1Department Environment, Water and Earth Sciences, Tshwane University of Technology, Nelson Mandela Drive 175, Arcadia, South Africa
2Department of Biotechnology and Food Technology, Tshwane University of Technology, Nelson Mandela Drive 175, Arcadia, South Africa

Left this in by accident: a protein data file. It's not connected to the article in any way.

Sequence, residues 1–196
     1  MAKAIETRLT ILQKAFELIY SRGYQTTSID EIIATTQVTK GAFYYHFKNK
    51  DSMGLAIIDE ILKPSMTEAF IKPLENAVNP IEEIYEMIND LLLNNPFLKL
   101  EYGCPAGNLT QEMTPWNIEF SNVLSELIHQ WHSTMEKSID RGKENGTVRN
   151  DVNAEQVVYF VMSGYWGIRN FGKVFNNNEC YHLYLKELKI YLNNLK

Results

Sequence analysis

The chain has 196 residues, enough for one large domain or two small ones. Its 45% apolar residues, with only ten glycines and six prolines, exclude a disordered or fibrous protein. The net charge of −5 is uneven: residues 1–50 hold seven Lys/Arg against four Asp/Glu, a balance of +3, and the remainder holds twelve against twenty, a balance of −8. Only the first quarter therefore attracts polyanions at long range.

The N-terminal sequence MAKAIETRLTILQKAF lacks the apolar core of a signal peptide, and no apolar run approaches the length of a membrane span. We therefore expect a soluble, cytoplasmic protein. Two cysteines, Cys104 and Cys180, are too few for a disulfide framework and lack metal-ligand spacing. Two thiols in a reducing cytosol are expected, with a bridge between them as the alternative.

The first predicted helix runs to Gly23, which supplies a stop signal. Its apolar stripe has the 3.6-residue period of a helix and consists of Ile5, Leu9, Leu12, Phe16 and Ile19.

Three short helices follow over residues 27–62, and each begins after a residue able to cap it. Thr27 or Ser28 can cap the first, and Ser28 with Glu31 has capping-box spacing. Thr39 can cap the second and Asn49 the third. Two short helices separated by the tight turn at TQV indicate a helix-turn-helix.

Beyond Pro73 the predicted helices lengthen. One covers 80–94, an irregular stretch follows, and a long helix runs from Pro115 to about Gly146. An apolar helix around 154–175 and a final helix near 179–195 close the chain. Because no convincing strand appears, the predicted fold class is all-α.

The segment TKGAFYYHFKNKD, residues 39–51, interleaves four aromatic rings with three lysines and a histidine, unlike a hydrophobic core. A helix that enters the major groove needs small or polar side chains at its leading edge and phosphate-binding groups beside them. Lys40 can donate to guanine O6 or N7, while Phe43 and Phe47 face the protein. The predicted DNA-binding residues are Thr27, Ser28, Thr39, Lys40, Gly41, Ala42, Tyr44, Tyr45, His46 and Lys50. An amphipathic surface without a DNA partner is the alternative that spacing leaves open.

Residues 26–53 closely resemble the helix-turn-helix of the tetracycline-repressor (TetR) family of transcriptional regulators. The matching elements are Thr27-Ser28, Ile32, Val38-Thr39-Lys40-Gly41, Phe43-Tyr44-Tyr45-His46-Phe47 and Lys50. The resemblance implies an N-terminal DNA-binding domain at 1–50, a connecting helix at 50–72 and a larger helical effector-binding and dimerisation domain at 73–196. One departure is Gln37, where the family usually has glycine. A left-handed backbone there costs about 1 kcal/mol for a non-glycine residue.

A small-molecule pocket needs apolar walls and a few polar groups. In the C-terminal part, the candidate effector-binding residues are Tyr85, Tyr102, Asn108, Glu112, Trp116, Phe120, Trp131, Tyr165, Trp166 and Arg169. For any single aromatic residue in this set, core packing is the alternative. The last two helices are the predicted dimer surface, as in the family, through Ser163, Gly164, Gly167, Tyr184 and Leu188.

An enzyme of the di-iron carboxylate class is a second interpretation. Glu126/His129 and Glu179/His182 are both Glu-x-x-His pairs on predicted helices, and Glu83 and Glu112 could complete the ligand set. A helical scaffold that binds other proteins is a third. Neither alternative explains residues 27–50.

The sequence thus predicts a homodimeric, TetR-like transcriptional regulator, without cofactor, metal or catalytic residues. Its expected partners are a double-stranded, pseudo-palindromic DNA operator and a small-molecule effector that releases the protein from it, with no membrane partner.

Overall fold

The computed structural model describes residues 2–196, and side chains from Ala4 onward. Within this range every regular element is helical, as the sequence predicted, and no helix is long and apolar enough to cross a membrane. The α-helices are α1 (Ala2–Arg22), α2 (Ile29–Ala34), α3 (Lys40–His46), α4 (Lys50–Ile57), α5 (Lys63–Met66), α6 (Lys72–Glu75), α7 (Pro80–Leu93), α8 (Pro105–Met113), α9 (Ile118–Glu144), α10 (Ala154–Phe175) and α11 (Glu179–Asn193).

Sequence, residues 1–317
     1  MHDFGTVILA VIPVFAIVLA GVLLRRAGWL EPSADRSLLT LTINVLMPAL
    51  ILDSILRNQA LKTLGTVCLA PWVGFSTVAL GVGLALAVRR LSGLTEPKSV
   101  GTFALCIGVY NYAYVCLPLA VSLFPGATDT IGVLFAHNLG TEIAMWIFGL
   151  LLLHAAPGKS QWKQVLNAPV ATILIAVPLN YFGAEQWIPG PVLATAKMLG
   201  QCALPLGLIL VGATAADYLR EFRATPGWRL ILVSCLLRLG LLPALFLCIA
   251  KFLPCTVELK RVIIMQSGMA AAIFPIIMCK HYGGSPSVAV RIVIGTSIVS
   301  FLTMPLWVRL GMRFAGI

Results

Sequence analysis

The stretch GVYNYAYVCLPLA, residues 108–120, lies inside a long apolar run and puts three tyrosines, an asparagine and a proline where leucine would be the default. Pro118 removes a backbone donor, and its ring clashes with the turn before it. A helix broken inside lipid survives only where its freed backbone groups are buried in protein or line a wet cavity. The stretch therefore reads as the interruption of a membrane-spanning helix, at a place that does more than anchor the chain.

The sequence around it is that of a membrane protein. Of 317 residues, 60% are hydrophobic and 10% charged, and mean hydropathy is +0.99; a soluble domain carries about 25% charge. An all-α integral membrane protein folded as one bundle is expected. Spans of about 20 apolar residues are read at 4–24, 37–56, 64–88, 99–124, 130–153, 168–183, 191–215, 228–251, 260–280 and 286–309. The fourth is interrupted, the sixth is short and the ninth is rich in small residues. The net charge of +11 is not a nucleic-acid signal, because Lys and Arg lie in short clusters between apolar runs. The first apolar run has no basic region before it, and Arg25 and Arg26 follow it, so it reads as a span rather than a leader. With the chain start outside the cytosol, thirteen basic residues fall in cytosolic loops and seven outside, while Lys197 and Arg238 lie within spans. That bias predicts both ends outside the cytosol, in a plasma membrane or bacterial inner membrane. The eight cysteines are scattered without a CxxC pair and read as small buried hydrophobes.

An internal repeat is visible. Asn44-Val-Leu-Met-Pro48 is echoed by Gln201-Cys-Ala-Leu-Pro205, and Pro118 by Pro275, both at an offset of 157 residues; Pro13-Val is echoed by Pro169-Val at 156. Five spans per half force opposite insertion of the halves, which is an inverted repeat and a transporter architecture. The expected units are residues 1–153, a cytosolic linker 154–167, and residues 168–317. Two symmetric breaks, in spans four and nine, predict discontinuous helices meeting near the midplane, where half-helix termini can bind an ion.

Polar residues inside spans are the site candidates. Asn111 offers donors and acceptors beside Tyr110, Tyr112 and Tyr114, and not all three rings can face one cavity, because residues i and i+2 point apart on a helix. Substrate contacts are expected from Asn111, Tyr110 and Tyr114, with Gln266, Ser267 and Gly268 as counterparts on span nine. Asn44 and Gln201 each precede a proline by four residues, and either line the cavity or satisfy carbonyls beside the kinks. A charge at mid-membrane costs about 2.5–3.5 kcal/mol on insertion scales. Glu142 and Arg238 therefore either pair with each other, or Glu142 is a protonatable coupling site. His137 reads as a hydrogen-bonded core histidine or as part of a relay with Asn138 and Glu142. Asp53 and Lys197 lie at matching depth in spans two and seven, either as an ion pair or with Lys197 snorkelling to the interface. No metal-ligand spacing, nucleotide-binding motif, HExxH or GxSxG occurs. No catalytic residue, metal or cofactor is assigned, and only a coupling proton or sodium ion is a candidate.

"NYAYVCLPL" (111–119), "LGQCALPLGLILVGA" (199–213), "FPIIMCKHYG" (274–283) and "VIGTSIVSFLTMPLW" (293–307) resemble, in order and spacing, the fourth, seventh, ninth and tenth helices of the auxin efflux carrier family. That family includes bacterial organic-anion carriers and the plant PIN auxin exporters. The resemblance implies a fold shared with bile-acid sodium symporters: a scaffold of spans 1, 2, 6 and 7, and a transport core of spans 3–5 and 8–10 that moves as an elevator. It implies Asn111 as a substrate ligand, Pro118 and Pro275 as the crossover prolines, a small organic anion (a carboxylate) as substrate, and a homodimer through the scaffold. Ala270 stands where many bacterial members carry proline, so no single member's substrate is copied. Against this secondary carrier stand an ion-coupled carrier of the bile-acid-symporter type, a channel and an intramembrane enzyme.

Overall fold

No on-site sanitation system treats both urine and faecal matter in one process. A laboratory scale biological filter was fed with high concentration of urea (4 g N/L) and 17.1 g COD/L to determine if it will be possible to treat liquid that leach from a ventilated improved pit latrine. The HLR in the proposed biological filter system was calculated to be ca 36 L/m2/d, significantly lower than the rates that are typical applied in standard rate biological filters (in the range of 1000 – 4000 L/m2/d) used to treat domestic wastewater. However, the TKN and COD concentrations in standard rate biological filters are significantly lower, namely ca 60 mg N/L and 500 mg COD/L, compared to the typical nitrogen and COD concentrations of faecal sludge, namely 3 - 5 g N/L and 20 – 50 g COD/L, respectively. The biological filter was operated at 13.0, 23.9, 35.7 and 62.3 L/m2/d, until stable state conditions were obtained. It was possible to remove most of the nitrogen and COD at the applied hydraulic loading rates by a combination of volatilization, nitrification and de-nitrification processes. However, at 62.3 L/m2/d the column efficiency (1.5 m long column) decreased and ammonia concentration in the effluent increased again. The best performance was achieved at a hydraulic loading rate of 35.7 L/m2/d, with an average ammonia concentration of 285.5 (± 9.1) mg N/L.